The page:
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October 1, 2014
by EmmaPattiz
On 09.24.14, a slew of elected officials and community groups gathered in LaGuardia Park, across the street from the Center for Architecture, to protest NYU expansion on public open space.

On 09.16.14, the Historic Districts Council (HDC), the Greenwich Village Society for Historic Preservation (GVSHP), and the Center for New York City Affairs at The New School hosted “Affordable Housing/Historic Preservation: A Roundtable Discussion” at The New School. Moderated by GVSHP Executive Director Andrew Berman, the panel focused on the challenges associated with preserving affordable housing units in New York City.

Panelists included Gale Brewer, Manhattan Borough President; Rosie Mendez, NYC Council Member; Harvey Epstein, associate director and project director for the Community Development Project at the Urban Justice Center; Nadine Maleh, director of Inspiring Places, Community Solutions; and Rachel Meltzer, assistant professor of Urban Policy at the Milano School of International Affairs, Management and Urban Policy at The New School. Speakers emphasized the importance of community participation in the planning processes, and debated how the city should structure inclusionary zoning policies.

Some panelists thought that inclusionary zoning programs should pass neighborhood by neighborhood and adjust to different contexts, like the previous Lower East Side/East Village plan. Others felt that NYC should develop a citywide plan that does not exempt any neighborhood. Either way, affordable developments must be within scale and context.

When it comes to preserving housing, the panelists discussed the local options available to NYC, such as including historic tax credits as part of the mix for funding affordable housing, renovating empty SROs, and bringing illegal basement units up to code. In the outer boroughs there is more flexibility to build up and increase density, but in Manhattan, where many of the speakers focus their work, the options might be more limited.

This nuanced conversation continues and will be central to an ongoing AIANY initiative. AIANY members are working together to propose design suggestions to the NYC Department of Housing Preservation and Development as the city works to reach its affordable housing goals.

Pulse Points

  • After New York City Council and the de Blasio Administration passed a landmark package of legislation to reduce carbon emissions in NYC, the New York League of Conservation Voters (NYLCV) held a “City Council Environmental Roundtable” at City Hall Restaurant on 09.23.14. Speakers were stalwart environmentalists in the City Council, including Speaker Melissa Mark-Viverito, Council Members Donovan Richards, Brad Lander, Costa Constantinides, Rory Lancman, Andy Cohen, Ydanis Rodriguez, and Steve Levin, and Council Member Leader Jimmy Van Bramer. Read more about the event here.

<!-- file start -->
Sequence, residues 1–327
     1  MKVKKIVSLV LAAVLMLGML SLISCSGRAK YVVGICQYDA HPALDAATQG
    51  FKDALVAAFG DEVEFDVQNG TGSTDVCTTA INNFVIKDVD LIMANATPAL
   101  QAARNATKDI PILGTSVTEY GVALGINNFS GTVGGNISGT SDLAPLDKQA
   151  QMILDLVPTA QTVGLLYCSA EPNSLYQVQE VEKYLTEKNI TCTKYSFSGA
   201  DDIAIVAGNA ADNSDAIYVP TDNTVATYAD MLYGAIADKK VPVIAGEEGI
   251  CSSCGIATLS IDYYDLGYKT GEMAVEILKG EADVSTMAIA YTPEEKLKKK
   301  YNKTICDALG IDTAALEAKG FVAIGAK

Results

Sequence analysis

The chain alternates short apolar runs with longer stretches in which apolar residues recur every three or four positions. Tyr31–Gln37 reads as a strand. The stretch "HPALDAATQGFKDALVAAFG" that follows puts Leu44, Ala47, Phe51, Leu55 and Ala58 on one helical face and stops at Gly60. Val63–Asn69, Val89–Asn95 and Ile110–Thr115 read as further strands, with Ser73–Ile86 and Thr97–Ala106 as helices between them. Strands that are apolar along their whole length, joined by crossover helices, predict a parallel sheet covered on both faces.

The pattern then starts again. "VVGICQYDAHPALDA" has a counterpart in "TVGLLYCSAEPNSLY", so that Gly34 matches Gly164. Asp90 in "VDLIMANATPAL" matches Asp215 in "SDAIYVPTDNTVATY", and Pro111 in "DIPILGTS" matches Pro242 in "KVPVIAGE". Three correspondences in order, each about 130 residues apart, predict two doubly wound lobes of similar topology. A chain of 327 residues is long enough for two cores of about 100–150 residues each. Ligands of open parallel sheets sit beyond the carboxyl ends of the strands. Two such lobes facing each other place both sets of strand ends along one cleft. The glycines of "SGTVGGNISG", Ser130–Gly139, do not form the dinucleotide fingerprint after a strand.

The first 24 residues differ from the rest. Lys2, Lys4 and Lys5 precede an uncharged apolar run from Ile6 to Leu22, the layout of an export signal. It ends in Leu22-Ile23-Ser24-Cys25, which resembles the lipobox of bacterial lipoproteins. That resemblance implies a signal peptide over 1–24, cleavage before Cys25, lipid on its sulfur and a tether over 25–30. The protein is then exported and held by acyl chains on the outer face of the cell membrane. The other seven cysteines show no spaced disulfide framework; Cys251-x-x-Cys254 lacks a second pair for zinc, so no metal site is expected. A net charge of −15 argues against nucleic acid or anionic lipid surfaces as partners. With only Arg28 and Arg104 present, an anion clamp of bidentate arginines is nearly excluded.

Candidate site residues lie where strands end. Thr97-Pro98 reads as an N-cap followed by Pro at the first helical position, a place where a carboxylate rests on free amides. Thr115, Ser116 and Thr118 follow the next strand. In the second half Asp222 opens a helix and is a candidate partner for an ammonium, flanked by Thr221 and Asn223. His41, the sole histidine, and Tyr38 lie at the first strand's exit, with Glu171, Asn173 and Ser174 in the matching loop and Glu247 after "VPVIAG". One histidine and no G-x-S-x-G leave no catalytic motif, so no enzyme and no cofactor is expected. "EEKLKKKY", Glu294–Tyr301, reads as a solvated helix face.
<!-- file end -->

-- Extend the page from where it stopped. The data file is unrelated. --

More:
• On 09.21.14, AIANY members and staff joined fellow green building advocates as part of the “Green Building Contingent” to march in the People’s Climate March. Read more about the experience here.
  • On 09.23.14, the NYC Council passed Intro 474, changing the effective date of the 2014 Construction Codes from 10.01.14 to 12.31.14. This extension allows additional time for design professionals to properly prepare plans to comply. More information can be found on the NYC Department of Buildings website. AIANY joined REBNY and other peer institutions in writing a series of letters in support of this change. Read the letters here.
  • On 09.24.14, a slew of elected officials and community groups gathered in LaGuardia Park, across the street from the Center for Architecture, to protest NYU expansion on public open space. For more information, visit the Greenwich Village Society for Historic Preservation website.
  • Mayor de Blasio will not drastically increase the percentage of affordable housing units required in new developments when he unveils his mandatory inclusionary housing proposal. The administration will, instead, plan to increase the number of affordable units by asking developers to build to current expectations without subsidies from the city. Read more about it here.
  • NYC Department of Housing Preservation and Development (HPD) will set up a Neighborhood Strategies unit to manage mandatory inclusionary zoning. You can read more here.
  • The National Council of Architectural Registration Boards (NCARB) has voted to approve significant changes that will streamline and overhaul the Intern Development Program (IDP), which most states require to satisfy experience requirements for initial licensure as an architect.
  • On 09.30.14, AIANY Executive Director Rick Bell, FAIA, presented testimony before the NYC Landmarks Preservation Commission in favor of the proposed 140 West 81st Street project designed by DXA Studio. Read the testimony here.
  • 10.06.14 is World Architecture Day, and the theme this year is Healthy cities, happy cities. Read more about it, and other news from UIA, in the UIA’s September newsletter here.

Emma Pattiz is the AIANY Policy Coordinator. For more information on AIANY policy initiatives and programs, please contact her at


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